Stack Overflow is a community of 4.7 million programmers, just like you, helping each other.

Join them; it only takes a minute:

Sign up
Join the Stack Overflow community to:
  1. Ask programming questions
  2. Answer and help your peers
  3. Get recognized for your expertise

As of May 2014... how feasible is it for NetSuite to replace a full-blown CMS such as WordPress, Joomla, Drupal, etc.?

All these are written in PHP and usually use a MySQL database and with all the server-side modules now-a-day, PHP is pretty much limitless... I'm wondering what the NetSuite/SuiteScript limitations are, or perhaps, there's a way to write direct Java... but then again it sounds like there's not a lot of database options from NetSuite, etc.

It's looking like the server-side SuiteScript Server Pages (SSP) has become a lot more powerful and when used with everything they mention: SuiteTalk, RESTlets, Suitelets, node.js, etc... Can it replace a full CMS?

After talking with numerous NetSuite employees, the answer I get is "well it depends on the site" or "I'm sure that's possible, just hire this consultant", etc...

So, what I'm really trying to ask is about comparing NetSuite to standard Content-Management-System features that usually exist in all the major CMS packages...

i.e.

  • Author tools, content authoring, and content management

  • Content lifespan management and content approval

  • Versioning and auditing; audit and archive

  • Content structure

  • Web forms

  • Content sharing

  • Reports, analytics, and monitoring

  • Performance and capability

  • Security and access management

  • Usability

  • Compliance

  • Portability, reuse, external content, and additional features

etc... (https://www.cwp.govt.nz/features/capability-of-the-content-management-system/)


Professional Experience or Opinions?

I welcome any professional experience or opinions... and any experiences you can share about building large article-based websites (what you'd typically see on WordPress, Drupal or Joomla) in NetSuite. So basically way beyond the cookie-cutter store templates that you usually see on NetSuite websites.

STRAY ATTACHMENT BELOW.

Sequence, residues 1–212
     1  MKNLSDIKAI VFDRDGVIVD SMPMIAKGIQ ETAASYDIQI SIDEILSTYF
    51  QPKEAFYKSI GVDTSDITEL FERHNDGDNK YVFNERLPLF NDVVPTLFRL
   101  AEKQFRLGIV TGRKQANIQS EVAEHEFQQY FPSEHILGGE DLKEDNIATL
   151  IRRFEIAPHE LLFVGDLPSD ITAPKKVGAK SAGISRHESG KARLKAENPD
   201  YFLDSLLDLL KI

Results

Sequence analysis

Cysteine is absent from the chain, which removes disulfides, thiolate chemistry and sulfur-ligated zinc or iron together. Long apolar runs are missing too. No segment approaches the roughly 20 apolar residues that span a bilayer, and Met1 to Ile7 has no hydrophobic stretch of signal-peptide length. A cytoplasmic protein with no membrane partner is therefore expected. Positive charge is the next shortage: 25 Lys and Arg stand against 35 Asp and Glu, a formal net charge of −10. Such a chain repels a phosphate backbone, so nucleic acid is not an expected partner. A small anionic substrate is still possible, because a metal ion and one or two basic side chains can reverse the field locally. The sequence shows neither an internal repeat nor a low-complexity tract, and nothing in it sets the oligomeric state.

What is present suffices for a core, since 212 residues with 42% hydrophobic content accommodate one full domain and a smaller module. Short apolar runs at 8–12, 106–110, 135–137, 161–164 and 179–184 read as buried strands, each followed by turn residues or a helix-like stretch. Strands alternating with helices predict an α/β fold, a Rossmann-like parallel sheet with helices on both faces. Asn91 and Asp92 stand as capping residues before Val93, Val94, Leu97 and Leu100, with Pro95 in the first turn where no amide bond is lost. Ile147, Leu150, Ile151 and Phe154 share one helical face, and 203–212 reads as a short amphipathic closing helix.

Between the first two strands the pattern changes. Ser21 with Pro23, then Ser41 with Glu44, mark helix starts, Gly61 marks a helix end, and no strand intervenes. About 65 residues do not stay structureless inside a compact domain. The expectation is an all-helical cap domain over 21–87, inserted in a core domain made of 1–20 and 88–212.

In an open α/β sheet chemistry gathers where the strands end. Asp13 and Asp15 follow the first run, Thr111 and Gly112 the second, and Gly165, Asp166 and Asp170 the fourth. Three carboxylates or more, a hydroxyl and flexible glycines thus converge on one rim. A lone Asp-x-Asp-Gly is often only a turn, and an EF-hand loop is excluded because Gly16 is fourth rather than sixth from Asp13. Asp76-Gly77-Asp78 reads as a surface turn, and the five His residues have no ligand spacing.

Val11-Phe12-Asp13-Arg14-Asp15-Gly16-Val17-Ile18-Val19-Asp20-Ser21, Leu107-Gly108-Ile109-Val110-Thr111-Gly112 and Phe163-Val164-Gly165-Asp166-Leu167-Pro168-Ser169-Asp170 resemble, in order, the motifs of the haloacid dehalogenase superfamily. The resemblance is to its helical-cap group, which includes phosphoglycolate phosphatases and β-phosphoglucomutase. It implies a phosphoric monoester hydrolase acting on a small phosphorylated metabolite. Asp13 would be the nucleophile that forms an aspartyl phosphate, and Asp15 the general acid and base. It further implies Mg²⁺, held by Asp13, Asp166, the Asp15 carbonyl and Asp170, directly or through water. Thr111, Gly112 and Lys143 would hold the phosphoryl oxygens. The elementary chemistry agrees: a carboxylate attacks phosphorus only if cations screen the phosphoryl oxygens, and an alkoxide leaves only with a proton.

share|improve this question

closed as primarily opinion-based by Ken White, S.L. Barth, Zong Zheng Li, Plutonix, Kevin Reid May 27 '14 at 1:27

Many good questions generate some degree of opinion based on expert experience, but answers to this question will tend to be almost entirely based on opinions, rather than facts, references, or specific expertise.If this question can be reworded to fit the rules in the help center, please edit the question.

up vote -1 down vote accepted

NetSuite seems to be well aware of their shortcoming on offering feasible CMS features… so… about 2 months ago, NetSuite bought LightCMS: http://www.lightcms.com/element-fusion-the-creator-of-lightcms-joins-forces-with-netsuite

LightCMS is by nature “light” and will not have quite the depth of features that WordPress, Drupal or Joomla might have... but it looks like it will be fairly feasible.

LightCMS makes it easy to set up contact forms, surveys, registrations, and more. Form entries can be emailed to you or exported to excel or CSV. You can even accept payments through your forms!

LightCMS also, has a good portion of the standard CMS features that we’d need, like: automatic archiving, pagination, tagging / categories, comments with moderation and advanced spam protection, pings, pingbacks, RSS, etc.

share|improve this answer

Not the answer you're looking for? Browse other questions tagged or ask your own question.